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The massive upswell of data will only increase in the decade ahead, a force set to transform industry and infrastructure much as it has in consumer internet services. This is a fundamental aspect of the “the industrial internet” vision that Pivotal CEO Paul Maritz and Bill Ruh, VP of General Electric articulated at the company’s launch. Concurrently, the release of the White House’s new open data mandate, and advances in sophisticated analytics tools and machine learning, could accelerate massive shifts in critical infrastructure and core industries such as healthcare, energy, and agriculture.
During a talk at the G-8 Open Data for Agriculture Conference, Secretary of Agriculture Tom Vilsack spoke of the potential impact of these efforts and technologies. He stated, “The digital revolution fueled by open data is starting to do for the modern world of agriculture what the industrial revolution did for agricultural productivity over the past century.” To support this goal, Vilsack announced the USDA’s new Food, Agriculture, and Rural data portal, featuring over 200 open datasets related to global satellite data mapping agricultural preparedness and crop conditions, genetics and genomics resources, and statistical research undertaken by the agency.
While increasing access to government data is a laudable goal, such releases need to also be useful, lest they become what open data advocates derisively refer to as a “data dump”. Government data is notoriously messy, often stored in legacy systems or difficult-to-scrape formats such as PDF. The White House’s open data mandate aims to address this issue, calling for the release of specifically machine-readable datasets. Paired with sophisticated machine learning and analytics tools, such releases can transform industries and accelerate innovation and even new businesses.
The machine learning component of this is detailed in a recent interview with Nigel Shadbolt, a Professor at the University of Southampton and co-founder of the Open Data Institute, by Alex Howard at O’Reilly Radar:
What the web has done is finish this with something that looks a lot like a supremely distributed database. Now, that distributed knowledge base is one version of the Semantic Web. The way I got into open data was the notion of using linked data and semantic Web technologies to integrate data at scale across the web — and one really high value source of data is open government data.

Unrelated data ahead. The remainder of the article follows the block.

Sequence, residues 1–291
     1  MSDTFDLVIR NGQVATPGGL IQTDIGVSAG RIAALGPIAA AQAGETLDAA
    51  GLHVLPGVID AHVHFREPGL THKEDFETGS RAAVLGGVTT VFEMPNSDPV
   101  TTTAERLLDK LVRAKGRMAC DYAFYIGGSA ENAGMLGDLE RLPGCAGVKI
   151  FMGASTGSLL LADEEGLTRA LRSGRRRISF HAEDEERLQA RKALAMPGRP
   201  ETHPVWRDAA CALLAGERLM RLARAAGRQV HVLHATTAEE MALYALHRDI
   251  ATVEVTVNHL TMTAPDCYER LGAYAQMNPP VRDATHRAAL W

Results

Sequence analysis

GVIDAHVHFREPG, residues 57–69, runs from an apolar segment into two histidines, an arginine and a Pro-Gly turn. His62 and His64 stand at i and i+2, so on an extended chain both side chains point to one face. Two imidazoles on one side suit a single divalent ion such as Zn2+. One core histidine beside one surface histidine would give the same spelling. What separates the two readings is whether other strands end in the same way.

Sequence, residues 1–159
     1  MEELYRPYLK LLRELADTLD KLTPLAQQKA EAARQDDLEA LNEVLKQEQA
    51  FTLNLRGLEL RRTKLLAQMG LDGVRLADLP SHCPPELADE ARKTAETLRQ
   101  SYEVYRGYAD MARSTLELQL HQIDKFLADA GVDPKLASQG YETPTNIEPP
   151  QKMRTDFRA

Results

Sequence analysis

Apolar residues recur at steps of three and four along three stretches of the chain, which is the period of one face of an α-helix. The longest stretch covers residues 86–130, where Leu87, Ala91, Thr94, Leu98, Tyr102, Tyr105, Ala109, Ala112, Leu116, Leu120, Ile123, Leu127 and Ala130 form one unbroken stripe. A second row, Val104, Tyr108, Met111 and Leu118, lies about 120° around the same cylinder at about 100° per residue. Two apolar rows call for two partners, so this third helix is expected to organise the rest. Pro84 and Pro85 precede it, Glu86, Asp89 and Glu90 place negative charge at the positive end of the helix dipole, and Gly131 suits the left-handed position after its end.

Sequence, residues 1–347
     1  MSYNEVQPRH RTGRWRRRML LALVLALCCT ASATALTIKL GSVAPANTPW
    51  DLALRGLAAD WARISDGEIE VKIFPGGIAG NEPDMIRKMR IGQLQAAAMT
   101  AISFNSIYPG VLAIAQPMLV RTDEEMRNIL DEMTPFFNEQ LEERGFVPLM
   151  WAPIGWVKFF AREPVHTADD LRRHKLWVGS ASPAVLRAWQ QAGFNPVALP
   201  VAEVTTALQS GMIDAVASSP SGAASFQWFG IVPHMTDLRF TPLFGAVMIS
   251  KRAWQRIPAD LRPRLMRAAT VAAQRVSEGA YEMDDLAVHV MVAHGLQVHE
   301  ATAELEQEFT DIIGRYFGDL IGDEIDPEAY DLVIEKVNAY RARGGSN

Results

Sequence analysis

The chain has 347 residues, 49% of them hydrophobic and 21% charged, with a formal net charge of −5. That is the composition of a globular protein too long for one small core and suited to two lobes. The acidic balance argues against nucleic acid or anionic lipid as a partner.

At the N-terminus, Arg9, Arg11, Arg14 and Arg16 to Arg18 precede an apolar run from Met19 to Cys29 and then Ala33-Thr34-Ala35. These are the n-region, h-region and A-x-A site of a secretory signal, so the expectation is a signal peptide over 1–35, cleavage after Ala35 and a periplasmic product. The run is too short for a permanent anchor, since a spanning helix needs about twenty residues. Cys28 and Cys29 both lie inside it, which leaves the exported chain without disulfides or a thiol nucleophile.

Shadbolt characterizes the twin pillars of open data advocacy — economic and increased government transparency — as complimentary, rather than separate or in opposition, as they are often characterized:
The demand side [of open data] can be characterized. It’s not just economic. It will have to do with transparency, accountability and regulatory action. The economic side of open data gives you huge room for maneuver and substantial credibility when you can say, “Look, this dataset of spending data in the UK, published by local authorities, is the subject of detailed analytics from companies who look at all data about how local authorities and governments are spending their data. They sell procurement analysis insights back to business and on to third parties and other parts of the business world, saying ‘This is the shape of how the UK PLC is buying.’”
This burgeoning “open data economy” is investigated in a series of articles at O’Reilly detailing how open data can spur innovation in existing industries and create new economic opportunities. This was supported by a Forrester report released in February which outlined the many sectors already benefiting from increased access to government data, including healthcare services, banking, and personal finance. As such government releases become more ambitious, and large industries embrace data-driven development and innovation, the impact of open data is set to increase significantly in years ahead.
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